By Ken Stone
In one day last month, Mickey Kasparian settled the two remaining lawsuits against him — one by a woman accusing the San Diego labor leader of sexual assault and another contending she was fired from her union job as punishment for speaking out on behalf of other accusers.
The lawsuits by Melody Godinez and Anabel Arauz were dismissed Feb. 20 and Feb. 21 in San Diego Superior Court, but Dan Gilleon, attorney for both, said they were settled the same day.
Gilleon, who also settled with Kasparian on behalf of Isabel Vasquez and Sandy Naranjo in January, said he couldn’t share details of the deals.But in the Godinez case, about a county employee who accused Kasparian of groping her and urging her to take part in a Hilton San Diego Bayfront sex foursome, Gilleon said he did what was in the best interests of his client.
Gilleon said he recently settled a rape case involving another woman “where the cops were investigating it, and we settled for $1.3 million.”
At a December hearing, another Godinez attorney said the District Attorney’s Office was investigating her accusations — a contention never confirmed by the office or San Diego police.
But Friday, Gilleon said the DA would likely not follow through.
A settlement with the plaintiff is alone “enough to destroy a case” for prosecutors, he said.
Reached by text, Kasparian said: “I can’t make any comments regarding the resolution/dismissal.”
But despite his categorical denials of any misconduct, Kasparian still faces judgment by 14,000 workers represented by UFCW Local 135 at a union election expected this year.
Asked when the election will be held, the longtime union president called the question “a membership internal matter.”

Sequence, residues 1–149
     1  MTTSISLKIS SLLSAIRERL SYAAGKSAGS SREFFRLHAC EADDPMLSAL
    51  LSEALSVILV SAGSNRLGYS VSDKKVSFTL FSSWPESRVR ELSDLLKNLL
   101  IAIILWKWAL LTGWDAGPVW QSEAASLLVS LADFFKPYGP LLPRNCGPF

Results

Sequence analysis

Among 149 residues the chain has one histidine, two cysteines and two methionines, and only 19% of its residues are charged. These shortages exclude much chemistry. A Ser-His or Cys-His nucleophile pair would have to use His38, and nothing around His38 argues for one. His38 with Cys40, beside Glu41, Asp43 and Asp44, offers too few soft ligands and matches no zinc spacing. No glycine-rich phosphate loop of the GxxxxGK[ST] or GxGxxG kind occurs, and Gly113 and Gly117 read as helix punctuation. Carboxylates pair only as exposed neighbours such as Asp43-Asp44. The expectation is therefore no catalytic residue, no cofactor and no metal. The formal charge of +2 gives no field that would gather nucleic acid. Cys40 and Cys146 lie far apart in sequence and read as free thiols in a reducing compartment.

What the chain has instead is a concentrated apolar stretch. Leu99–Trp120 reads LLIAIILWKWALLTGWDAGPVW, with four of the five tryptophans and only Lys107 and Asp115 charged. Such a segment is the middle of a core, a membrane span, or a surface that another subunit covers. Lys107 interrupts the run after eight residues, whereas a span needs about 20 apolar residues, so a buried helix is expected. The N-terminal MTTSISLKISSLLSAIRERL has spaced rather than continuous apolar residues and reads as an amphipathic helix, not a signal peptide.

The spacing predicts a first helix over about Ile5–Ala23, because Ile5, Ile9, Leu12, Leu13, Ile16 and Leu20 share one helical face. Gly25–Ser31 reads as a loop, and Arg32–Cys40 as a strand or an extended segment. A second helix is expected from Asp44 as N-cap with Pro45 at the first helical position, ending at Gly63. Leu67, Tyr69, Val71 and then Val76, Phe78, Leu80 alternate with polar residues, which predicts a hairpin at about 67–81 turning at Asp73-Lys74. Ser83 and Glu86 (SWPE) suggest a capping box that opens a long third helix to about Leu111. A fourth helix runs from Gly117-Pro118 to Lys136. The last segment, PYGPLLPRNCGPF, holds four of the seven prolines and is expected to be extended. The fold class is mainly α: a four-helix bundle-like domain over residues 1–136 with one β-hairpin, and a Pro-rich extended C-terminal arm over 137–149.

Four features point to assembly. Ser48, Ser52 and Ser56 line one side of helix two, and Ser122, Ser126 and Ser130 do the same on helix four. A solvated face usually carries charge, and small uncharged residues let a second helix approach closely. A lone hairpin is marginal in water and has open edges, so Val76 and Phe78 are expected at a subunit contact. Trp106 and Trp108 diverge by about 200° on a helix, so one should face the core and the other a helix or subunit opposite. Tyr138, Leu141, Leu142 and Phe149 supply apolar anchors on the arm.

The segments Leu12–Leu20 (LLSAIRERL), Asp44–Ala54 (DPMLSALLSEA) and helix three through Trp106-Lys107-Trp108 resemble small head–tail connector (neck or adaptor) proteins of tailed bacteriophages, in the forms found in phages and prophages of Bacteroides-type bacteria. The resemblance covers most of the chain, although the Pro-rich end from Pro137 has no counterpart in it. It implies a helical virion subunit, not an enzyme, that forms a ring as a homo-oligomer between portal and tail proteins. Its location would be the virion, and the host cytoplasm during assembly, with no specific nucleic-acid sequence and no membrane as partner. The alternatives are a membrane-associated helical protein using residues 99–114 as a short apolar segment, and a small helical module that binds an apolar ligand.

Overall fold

Arauz, the former Local 135 worker who eventually landed a job at another labor union, told Times of San Diego that members are organizing to vote him out “in a few months.”
She declined to talk about her settlement, but has been active in ongoing protests against Kasparian, who was removed as leader of the San Diego-Imperial Counties Labor Council by the AFL-CIO but started his own umbrella group called the San Diego Family Workers Council.
Kasparian in December resigned from the San Diego County Democratic Party Central Committee, where he had considerable financial and other clout, but he attended the recent state party convention in San Diego.
UFCW Local 135 member Chris Lopez isn’t satisfied with the settlements.
“Mickey Kasparian needs to resign for the good of the labor movement and for our upcoming contract negotiations in 2019,” said Lopez, a Vons worker who was threatened with legal action over “false and defamatory [email] messages to officers, employees and members of various UFCW Locals.”
Lopez said: “We can’t have a union president represent us in the public eye when he is accused of sexual harassment, sexual assault, gender discrimination, and other violations of human dignity by four Hispanic women.”
Despite the allegations, Kasparian’s union has boasted of progress on labor contracts. On Feb. 22, two days after the lawsuit settlements, Viejas Casino members of his union ratified a four-year agreement.
“This is the second tentative contract agreement that UFCW Local 135 has finalized in less than a week,” said the Local 135 website, noting an agreement with Keil’s Food Stores.
Still, Lopez called the Kasparian publicity “unacceptable” and also said he was concerned about the possibility union dues were being used to pay settlement costs.
He said in a Facebook chat: “If [he] denied everything, why settle?”
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